Increased CD4 Positive T-Cell Recruitment in Primary Chronic Vestibulitis Suggests Potential Disease Triggers.
Erick Jacobson-Dunlop, Catherine Leclair, Martha Goetsch, Terry K Morgan. OHSU, Portland; Oregon Health & Science University, Portland
Background: Chronic vestibulitis is a common cause of localized introital pain and sexual difficulty. In a tightly controlled prospective study, we recently demonstrated that vestibulitis has more chronic inflammation, neural hypertrophy, and mast cells, than normal control vestibular biopsies. The objective of the current study was to test for significant differences in lymphocyte sub-types in vestibulitis compared with controls.
Design: We used archived tissue sections from our prior prospective study, which recruited adult premenopausal women from the Program in Vulvar Health at Oregon Health and Science University. Patients had severe entry dyspareunia for at least one year and sampling had been performed on tender and nontender vestibule mucosa. Women designated as having primary vestibulitis (n=10) had noted significant pain from the first attempted vaginal entry. Secondary sufferers (n=10) had de novo pain onset after no prior history of localized entry pain. An unaffected control group (n=4) had no history of entry dyspareunia. Histologic sections were immunostained in duplicate for CD20, CD3, CD4 and CD8. The study set was scored while blinded to phenotype for the average number of positive cells per high-powered 20x objective field. Differences between groups was evaluated by ANOVA with Bonferroni/Dunn post-hoc testing.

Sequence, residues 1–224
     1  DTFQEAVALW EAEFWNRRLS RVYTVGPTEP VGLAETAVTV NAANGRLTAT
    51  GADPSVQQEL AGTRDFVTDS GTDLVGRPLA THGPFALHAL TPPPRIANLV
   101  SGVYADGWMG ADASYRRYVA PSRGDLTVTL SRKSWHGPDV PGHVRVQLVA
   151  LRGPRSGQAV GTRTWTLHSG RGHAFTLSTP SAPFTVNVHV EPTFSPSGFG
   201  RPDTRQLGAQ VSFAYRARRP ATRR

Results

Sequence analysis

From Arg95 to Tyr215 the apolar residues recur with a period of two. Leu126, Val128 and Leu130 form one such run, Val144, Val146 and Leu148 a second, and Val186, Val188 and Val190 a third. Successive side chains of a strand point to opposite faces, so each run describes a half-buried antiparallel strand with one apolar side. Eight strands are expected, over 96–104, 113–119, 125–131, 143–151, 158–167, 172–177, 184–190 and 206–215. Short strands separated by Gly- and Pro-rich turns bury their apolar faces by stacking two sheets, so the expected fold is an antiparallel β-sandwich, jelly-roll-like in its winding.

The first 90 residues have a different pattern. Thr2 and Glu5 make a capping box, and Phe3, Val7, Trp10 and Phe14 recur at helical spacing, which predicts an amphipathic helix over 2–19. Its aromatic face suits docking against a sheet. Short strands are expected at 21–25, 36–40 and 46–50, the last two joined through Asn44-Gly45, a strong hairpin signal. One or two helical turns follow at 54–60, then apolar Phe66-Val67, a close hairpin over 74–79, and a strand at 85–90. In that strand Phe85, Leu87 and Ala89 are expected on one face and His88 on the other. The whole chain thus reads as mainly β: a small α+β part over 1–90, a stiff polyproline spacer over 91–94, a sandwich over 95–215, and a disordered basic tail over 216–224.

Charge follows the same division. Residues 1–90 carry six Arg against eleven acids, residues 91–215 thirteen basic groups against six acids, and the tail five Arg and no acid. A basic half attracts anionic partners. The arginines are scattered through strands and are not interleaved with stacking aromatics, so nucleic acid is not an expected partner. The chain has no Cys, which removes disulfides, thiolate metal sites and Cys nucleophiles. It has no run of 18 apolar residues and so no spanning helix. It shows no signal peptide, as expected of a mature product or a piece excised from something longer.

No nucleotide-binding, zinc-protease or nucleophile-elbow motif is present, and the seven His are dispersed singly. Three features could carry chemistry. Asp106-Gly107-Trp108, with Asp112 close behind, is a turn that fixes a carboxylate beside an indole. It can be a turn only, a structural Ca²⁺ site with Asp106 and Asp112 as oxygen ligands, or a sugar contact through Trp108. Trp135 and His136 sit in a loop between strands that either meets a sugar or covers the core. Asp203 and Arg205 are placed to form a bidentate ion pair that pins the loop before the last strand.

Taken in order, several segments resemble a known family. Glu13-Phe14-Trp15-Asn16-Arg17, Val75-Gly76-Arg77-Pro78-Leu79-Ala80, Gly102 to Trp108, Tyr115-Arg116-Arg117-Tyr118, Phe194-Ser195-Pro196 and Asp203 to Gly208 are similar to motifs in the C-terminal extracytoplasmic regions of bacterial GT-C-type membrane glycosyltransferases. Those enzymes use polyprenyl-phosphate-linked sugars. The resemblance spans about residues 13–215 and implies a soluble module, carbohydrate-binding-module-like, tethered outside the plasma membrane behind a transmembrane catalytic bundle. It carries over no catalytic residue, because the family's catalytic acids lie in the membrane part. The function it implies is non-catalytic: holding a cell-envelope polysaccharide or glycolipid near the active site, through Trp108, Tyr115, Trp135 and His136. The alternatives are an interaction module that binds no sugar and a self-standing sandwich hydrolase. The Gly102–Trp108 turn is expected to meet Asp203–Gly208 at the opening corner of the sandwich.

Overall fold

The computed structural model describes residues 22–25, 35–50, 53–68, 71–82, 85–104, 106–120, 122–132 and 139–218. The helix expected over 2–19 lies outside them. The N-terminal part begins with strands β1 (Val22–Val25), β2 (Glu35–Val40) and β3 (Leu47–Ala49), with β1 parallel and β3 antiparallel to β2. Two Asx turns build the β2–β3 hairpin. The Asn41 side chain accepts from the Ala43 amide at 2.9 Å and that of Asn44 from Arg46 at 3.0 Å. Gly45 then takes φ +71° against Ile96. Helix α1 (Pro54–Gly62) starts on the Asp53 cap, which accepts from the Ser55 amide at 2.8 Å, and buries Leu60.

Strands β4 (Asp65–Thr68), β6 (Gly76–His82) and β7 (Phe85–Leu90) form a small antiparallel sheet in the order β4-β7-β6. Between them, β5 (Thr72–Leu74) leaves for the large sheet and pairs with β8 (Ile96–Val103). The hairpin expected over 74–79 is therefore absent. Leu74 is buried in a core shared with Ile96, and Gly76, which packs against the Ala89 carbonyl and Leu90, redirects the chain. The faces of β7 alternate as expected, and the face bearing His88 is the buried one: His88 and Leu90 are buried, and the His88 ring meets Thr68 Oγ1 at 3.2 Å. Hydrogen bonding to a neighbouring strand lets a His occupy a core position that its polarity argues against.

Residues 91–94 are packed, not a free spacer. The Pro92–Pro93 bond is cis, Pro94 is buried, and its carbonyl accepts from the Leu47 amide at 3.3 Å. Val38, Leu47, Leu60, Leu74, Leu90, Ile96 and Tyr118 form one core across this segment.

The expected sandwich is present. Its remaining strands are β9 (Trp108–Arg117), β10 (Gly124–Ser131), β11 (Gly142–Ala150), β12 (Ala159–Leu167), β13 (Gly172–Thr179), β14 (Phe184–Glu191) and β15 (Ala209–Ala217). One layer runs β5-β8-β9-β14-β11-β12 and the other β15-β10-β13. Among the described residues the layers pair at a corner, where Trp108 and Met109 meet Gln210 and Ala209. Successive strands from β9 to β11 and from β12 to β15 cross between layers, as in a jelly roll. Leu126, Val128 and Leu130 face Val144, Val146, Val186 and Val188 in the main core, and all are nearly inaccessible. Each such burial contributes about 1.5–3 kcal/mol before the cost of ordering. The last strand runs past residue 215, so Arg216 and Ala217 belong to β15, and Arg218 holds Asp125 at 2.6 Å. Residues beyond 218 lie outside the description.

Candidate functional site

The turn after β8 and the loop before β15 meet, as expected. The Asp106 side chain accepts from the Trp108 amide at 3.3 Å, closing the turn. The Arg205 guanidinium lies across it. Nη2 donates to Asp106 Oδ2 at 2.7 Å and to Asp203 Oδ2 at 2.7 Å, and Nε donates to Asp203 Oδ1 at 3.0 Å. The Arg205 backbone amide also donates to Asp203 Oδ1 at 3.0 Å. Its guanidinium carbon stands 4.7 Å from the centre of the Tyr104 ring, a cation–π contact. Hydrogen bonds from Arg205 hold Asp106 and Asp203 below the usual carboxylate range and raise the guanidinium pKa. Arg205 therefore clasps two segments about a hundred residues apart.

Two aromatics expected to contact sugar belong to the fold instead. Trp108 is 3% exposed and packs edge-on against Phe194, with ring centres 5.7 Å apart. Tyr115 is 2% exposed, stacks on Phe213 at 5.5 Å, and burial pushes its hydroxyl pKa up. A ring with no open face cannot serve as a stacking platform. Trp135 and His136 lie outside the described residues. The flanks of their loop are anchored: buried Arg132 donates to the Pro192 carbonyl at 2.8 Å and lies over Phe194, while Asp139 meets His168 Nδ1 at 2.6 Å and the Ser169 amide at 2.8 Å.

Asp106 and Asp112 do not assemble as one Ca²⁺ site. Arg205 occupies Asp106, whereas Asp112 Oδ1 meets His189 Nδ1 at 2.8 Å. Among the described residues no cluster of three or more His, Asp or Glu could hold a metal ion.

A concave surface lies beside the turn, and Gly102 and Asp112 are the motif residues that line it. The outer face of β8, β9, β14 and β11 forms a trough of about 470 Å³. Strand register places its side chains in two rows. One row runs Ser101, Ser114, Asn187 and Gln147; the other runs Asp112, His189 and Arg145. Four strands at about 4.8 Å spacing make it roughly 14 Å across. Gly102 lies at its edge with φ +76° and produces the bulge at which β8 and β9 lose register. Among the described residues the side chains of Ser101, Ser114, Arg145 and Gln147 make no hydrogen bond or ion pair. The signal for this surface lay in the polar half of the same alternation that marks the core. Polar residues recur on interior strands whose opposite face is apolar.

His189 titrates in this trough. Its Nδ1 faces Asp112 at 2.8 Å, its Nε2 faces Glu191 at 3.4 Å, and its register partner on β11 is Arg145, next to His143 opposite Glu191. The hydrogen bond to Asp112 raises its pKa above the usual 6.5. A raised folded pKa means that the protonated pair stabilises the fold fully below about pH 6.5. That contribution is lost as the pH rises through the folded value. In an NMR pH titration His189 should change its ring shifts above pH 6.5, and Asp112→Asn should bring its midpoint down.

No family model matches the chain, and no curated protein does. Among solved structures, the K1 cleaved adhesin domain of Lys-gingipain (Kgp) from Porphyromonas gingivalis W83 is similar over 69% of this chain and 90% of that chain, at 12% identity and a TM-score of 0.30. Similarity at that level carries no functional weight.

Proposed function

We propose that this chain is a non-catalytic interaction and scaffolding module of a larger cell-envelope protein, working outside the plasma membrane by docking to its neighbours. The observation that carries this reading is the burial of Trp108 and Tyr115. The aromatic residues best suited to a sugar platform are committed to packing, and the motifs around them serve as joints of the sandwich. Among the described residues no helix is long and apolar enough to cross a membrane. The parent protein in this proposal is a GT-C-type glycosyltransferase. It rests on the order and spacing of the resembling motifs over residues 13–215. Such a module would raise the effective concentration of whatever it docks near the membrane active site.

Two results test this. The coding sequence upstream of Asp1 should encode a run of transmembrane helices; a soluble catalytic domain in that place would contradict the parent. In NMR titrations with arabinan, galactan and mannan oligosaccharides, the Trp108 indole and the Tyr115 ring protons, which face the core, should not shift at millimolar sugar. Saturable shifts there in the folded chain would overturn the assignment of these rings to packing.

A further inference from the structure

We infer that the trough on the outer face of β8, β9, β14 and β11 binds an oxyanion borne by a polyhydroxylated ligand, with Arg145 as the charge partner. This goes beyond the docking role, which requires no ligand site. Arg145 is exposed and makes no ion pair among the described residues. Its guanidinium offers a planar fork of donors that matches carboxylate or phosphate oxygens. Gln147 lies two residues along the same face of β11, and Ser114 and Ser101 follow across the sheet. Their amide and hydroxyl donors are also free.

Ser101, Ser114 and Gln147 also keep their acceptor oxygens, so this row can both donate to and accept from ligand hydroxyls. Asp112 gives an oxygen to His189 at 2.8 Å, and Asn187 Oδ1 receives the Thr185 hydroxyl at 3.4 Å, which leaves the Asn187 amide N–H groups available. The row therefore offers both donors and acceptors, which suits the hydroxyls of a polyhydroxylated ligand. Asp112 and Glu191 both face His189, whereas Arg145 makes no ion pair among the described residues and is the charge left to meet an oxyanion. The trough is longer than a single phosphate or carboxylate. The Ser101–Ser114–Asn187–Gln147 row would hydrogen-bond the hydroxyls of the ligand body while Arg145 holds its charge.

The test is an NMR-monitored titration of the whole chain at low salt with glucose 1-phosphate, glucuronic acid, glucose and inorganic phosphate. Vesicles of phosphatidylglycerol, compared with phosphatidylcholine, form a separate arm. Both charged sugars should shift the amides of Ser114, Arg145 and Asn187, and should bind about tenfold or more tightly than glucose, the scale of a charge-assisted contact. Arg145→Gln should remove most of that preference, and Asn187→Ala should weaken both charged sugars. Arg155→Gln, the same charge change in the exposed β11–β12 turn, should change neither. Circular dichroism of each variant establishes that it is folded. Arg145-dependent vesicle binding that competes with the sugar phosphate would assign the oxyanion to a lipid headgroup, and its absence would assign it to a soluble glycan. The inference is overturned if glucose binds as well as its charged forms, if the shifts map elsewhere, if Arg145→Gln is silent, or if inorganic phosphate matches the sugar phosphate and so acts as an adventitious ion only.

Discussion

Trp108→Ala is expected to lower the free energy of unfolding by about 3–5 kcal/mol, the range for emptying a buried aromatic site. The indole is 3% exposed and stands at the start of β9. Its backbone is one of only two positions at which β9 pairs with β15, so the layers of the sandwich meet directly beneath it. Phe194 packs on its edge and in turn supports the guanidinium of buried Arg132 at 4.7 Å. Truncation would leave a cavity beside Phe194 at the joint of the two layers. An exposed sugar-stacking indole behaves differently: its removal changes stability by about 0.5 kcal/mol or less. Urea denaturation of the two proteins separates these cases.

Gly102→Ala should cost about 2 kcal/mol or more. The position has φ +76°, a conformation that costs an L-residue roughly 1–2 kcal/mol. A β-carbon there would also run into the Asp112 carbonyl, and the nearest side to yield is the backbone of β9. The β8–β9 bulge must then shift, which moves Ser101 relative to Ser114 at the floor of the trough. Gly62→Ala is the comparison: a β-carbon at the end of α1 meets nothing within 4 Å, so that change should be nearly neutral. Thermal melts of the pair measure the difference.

Results: Tender biopsies from women with primary vestibulitis showed a significant shift in the CD8:CD4 ratio (p<0.01). They had twice as many CD8 positive cells and twenty times as many CD4 positive T-cells than controls. The number of T-cells was not significantly different in secondary vestibulitis compared with controls, but they did have more CD20 positive B-cells.
Conclusions: This observation suggests CD4 positive T-cell recruitment may provide a clue to understanding potential triggers in primary disease. The predominance of CD20 positive B-cells in secondary vestibulitis suggests a more subacute disease process. Notably, many triggers for vestibulitis have been evaluated in the past without convincing results, perhaps because these studies did not distinguish between primary and secondary disease.
Category: Gynecologic & Obstetrics
Monday, February 28, 2011 9:30 AM
Poster Session I Stowell-Orbison/Surgical Pathology/Autopsy Awards Poster Session # 125, Monday Morning